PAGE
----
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Martha Hall Findlay: Our tax system makes no sense for cities

There has been much talk about a "fiscal imbalance" in Canada, but it has always been in the context of a perceived imbalance between the federal and provincial governments. This is a false argument. The real fiscal imbalance is between the federal and provincial governments, together on the one hand, and Canada's municipalities on the other.

Canada's municipalities are increasingly unable to meet critical infrastructure and social services needs, and are forced to go, cap in hand, to the federal and provincial governments for help. Then, even when they get funding, it is usually project-specific, addresses capital but not operating costs, and doesn't address the overall, ongoing requirements.

Our towns and cities drive our economy, our competitiveness – and our prosperity. But to keep up with their infrastructure and other needs, municipalities need stable, predictable, long-term funding. The Federation of Canadian Municipalities has been stressing this for years.

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The Liberal government under Paul Martin helped by allocating to municipalities a portion of the federal gas tax revenue. Given the serious and immediate infrastructure deficit, doubling the gas tax portion right away (as one option) would provide more of that much-needed stable and predictable revenue. (Revenue from a price on carbon could also be very useful.) The provinces need to step up right away too – after all, municipalities are, constitutionally, 'their' responsibility.

But the underlying structural problem – the real Canadian fiscal imbalance – remains.

The federal and provincial governments tax on economic growth, on both personal and corporate income. As that grows, so does their revenue. The federal and each of the provincial governments has the ability to determine what tax rates, what deductions, what tax-based policies it wishes to pursue, each determining its respective total revenue – but all based on economic growth.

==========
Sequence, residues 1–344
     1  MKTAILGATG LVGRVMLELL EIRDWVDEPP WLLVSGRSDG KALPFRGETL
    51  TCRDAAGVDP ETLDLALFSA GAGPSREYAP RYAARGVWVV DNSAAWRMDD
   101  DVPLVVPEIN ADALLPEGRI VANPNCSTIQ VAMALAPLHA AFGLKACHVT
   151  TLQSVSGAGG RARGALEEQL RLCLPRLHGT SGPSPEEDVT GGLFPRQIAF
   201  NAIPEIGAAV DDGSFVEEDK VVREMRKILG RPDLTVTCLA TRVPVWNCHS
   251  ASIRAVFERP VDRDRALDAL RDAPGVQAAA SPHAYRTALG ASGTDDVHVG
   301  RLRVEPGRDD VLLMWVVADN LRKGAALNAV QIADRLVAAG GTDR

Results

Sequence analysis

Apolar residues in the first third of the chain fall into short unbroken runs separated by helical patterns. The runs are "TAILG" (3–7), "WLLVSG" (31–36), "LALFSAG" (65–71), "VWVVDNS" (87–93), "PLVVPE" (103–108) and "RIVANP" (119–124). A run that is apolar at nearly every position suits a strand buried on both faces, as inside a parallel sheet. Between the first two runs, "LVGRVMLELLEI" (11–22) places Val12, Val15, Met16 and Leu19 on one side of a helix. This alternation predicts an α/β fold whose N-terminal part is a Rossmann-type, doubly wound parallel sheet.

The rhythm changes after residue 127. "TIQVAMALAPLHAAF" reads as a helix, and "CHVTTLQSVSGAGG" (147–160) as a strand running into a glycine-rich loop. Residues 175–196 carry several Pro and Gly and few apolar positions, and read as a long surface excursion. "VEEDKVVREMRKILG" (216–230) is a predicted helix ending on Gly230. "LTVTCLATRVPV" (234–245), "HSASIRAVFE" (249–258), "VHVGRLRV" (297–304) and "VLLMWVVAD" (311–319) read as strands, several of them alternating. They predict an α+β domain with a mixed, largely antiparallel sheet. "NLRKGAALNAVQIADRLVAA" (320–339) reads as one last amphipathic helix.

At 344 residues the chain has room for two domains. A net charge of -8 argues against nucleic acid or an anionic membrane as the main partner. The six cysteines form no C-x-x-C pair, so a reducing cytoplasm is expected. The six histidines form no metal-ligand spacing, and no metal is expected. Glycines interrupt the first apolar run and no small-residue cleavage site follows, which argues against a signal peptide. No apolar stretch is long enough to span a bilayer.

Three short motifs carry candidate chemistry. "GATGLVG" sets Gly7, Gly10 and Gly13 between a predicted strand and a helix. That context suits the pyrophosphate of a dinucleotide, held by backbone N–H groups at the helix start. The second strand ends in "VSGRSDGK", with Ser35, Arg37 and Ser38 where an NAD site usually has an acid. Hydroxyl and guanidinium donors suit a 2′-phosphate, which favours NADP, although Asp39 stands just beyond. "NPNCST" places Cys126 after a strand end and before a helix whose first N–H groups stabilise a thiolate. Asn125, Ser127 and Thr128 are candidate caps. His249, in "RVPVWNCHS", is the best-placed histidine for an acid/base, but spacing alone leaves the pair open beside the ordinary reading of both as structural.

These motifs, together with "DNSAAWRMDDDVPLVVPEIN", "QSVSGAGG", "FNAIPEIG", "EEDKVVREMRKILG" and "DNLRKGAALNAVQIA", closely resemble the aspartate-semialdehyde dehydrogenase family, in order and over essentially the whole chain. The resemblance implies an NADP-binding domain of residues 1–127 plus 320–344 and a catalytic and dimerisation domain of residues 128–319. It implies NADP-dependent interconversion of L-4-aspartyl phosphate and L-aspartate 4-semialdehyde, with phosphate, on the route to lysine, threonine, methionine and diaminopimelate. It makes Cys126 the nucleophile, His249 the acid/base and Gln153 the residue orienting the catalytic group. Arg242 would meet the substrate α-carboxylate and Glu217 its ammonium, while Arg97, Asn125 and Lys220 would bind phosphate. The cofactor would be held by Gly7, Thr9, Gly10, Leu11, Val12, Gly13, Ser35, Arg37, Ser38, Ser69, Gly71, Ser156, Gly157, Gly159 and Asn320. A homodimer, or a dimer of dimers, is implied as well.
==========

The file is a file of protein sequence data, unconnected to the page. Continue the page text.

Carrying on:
Municipalities, on the other hand, cannot tax income – they rely primarily on property taxes. Over the years, as Canada has gone from mostly rural to now overwhelmingly urban, and as towns and cities are responsible for so much more than they were originally expected to do, this system is increasingly inadequate. Not only does this cause serious economic distortions, key needs are not adequately addressed – Canada now faces a major infrastructure deficit, including key items such as water and sewer facilities, public transit and roads.

The real solution is a bold overhaul of the Canadian tax system – to create a simpler, much more effective tax system that will cover all orders of government. The current regime was established over 150 years ago, when Canada was almost entirely rural. But Canada's population is now mostly urban, and the burden on municipalities has steadily increased – police services, local roads, transit, water supply and treatment, garbage disposal and recycling, fire and emergency services, water distribution and collection, library services, local parks and recreation, community planning, bylaw enforcement, zoning and building inspection, as well as public health, social assistance and social housing services – even taxi and marriage licensing. Larger municipalities also bear a significant part of the burden of helping new immigrants who can't find jobs, need language training and a variety of specialized social services.

Clearly, in Canada in 2013, ownership of property is not the only determinant of who actually uses municipal services and infrastructure, or which aspects, and is no longer the most relevant factor in determining one's obligation to support those services. Canada needs a tax system that makes sense for 21st century Canada.

Each one of us is a single taxpayer, but we pay in too many complicated ways.

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Taxation needn't go up, particularly if we can be more efficient in our overall spending. But our tax system needs a major overhaul – of sources of revenue as well as in allocation of that revenue – to more effectively and efficiently address the respective responsibilities of each order of government and the costs of infrastructure and services so important to our society as a whole.

Martha Hall Findlay is a candidate for the federal Liberal leadership.

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